In Sinn v. Burd the mother who watched from the front porch of her home as a car struck and killed her child was found to be a foreseeable plaintiff and to have a cause of action for mental distress and its effects. Since Sinn v. Burd, the debate has centered on the meaning of "sensory and contemporaneous observance." Sinn v. Burd, 486 Pa. at 171, 404 A.2d at 685. In Yandric v. Radic, 495 Pa. 243, 433 A.2d 459 (1981), the state supreme court held that a father who arrived on the accident scene after his son had been taken to the hospital had not stated a cause of action. Five years later the court reached the same conclusion in Mazzagatti, regarding a mother who arrived on the scene minutes after the accident and saw her child's body in the street. Mazzagatti, 512 Pa. at 280, 516 A.2d at 679. The court reasoned that where the close relative is not present at the scene of the accident, but instead learns of the accident from a third party, the close relative's prior knowledge of the injury to the victim serves as a buffer against the full impact of observing the accident scene. By contrast the relative who contemporaneously observes the tortious conduct has no time in which to brace his or her emotional system. The negligent tortfeasor inflicts upon this bystander an injury separate and apart from the injury to the victim. Id. at 279-80, 516 A.2d at 679.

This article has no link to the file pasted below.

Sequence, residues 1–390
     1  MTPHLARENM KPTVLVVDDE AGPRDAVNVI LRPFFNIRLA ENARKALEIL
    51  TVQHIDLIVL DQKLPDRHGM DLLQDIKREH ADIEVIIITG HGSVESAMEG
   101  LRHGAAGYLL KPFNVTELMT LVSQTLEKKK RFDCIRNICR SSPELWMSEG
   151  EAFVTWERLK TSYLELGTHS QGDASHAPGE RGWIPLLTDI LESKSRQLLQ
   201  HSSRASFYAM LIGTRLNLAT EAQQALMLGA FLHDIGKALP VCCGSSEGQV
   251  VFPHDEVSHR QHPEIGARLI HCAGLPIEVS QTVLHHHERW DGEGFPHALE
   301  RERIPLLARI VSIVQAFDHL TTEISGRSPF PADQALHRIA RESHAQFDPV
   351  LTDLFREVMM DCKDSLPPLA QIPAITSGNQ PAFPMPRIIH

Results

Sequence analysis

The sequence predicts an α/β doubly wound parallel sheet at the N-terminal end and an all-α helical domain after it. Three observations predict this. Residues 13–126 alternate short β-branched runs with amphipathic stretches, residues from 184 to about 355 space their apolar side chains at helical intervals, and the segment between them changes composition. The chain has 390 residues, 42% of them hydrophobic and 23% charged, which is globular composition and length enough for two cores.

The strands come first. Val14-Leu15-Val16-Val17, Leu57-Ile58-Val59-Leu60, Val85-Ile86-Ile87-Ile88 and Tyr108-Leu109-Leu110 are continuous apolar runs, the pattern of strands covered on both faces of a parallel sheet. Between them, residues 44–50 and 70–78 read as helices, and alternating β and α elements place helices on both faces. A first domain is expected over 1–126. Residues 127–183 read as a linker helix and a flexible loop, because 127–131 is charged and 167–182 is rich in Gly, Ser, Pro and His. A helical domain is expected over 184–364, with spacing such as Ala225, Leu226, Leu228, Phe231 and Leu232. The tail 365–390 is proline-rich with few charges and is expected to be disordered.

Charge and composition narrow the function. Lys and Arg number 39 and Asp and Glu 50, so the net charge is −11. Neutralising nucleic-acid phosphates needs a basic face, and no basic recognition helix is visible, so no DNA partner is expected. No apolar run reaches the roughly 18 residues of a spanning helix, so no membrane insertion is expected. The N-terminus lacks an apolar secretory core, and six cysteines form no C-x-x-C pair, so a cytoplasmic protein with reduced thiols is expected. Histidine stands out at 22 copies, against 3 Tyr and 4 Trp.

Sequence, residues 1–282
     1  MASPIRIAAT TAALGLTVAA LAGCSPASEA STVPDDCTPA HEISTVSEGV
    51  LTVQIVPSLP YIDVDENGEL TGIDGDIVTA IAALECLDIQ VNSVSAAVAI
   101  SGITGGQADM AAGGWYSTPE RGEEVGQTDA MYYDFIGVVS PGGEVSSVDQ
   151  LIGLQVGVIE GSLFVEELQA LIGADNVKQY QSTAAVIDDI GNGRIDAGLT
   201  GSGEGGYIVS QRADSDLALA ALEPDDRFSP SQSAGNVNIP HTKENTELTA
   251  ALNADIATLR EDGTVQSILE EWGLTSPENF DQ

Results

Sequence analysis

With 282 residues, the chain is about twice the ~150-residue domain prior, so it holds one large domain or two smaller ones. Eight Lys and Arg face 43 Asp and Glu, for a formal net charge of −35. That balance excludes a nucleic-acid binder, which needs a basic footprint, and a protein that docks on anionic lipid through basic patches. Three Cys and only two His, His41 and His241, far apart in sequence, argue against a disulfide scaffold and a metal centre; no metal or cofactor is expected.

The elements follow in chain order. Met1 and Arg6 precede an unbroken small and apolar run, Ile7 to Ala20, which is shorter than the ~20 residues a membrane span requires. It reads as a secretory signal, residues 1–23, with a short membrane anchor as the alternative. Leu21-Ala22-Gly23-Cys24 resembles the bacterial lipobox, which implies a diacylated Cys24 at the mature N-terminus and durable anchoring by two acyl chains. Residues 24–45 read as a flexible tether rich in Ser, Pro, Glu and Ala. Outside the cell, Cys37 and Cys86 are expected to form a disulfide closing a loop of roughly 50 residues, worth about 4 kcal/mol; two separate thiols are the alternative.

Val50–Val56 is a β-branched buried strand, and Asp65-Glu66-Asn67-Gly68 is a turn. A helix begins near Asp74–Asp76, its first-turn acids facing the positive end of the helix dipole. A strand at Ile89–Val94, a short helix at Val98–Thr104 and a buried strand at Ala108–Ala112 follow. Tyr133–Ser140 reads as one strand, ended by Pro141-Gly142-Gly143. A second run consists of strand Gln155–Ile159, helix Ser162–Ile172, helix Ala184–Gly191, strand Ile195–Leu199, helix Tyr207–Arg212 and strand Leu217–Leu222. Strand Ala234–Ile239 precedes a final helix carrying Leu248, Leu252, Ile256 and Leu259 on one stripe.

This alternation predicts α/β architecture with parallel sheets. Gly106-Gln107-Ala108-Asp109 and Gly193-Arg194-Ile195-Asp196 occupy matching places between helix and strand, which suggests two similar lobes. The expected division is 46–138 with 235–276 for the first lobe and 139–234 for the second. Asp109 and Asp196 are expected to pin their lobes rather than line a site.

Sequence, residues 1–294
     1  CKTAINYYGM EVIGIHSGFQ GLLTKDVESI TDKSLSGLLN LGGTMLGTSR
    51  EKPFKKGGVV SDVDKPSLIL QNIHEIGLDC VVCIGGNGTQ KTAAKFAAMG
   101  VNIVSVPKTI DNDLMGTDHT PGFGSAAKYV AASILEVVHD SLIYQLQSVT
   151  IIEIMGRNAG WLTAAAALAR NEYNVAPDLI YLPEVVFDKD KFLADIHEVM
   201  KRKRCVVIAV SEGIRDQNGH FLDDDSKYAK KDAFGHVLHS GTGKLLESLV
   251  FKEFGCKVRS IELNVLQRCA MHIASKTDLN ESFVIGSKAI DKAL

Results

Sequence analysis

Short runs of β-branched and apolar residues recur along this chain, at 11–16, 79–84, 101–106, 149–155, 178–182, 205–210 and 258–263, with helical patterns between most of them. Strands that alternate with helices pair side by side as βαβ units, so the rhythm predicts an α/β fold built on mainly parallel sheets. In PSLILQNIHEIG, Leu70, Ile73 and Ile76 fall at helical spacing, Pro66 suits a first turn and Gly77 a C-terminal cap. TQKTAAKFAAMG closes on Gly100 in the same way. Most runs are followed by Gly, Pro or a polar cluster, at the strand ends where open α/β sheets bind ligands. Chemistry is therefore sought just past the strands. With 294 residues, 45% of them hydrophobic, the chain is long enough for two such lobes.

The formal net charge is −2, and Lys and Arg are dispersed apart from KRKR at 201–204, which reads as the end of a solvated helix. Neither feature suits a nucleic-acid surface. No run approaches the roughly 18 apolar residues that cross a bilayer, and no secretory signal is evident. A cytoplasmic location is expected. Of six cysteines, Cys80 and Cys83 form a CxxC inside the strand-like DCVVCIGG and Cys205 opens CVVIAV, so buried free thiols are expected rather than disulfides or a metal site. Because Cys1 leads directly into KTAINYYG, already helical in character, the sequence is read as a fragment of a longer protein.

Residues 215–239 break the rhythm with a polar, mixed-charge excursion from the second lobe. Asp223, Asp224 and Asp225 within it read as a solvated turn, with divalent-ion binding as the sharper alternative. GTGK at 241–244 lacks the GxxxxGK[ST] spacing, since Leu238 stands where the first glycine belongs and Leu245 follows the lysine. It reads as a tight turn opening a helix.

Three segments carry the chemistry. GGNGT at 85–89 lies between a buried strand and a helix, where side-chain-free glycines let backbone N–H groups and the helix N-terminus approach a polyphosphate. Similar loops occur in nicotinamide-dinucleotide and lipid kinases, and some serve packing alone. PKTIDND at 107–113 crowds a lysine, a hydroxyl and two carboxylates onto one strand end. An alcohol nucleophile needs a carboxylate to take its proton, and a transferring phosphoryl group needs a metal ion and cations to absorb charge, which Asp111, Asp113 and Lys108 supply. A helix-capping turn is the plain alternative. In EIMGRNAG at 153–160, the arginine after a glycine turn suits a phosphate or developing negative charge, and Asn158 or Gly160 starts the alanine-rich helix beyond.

In Brooks v. Decker, 512 Pa. 365, 516 A.2d 1380 (1986), our Supreme Court held that a father who followed an ambulance to the scene of an accident and saw his injured son in the street failed to state a cause of action. And, in Bloom v. *47 Dubois Regional Medical Center, 409 Pa.Super. 83, 597 A.2d 671 (1991), this court denied recovery to a husband who found his wife hanging by her neck in a hospital room, allegedly due to the failure of the hospital and her doctor to treat her suicidal tendencies. The panel held that the husband had not witnessed the tortious conduct, only its aftermath.